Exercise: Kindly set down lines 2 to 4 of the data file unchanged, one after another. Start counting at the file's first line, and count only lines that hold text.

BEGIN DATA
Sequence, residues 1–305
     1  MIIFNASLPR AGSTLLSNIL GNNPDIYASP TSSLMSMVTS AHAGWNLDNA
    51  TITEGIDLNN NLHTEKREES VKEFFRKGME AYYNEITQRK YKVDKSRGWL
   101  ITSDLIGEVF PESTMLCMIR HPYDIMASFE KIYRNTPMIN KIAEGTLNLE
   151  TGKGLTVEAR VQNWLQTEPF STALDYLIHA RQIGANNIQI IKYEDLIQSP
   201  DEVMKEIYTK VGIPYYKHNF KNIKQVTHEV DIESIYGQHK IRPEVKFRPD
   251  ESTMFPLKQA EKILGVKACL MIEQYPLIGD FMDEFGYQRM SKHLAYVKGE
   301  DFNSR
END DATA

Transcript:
     1  MIIFNASLPR AGSTLLSNIL GNNPDIYASP TSSLMSMVTS AHAGWNLDNA
    51  TITEGIDLNN NLHTEKREES VKEFFRKGME AYYNEITQRK YKVDKSRGWL
   101  ITSDLIGEVF PESTMLCMIR HPYDIMASFE KIYRNTPMIN KIAEGTLNLE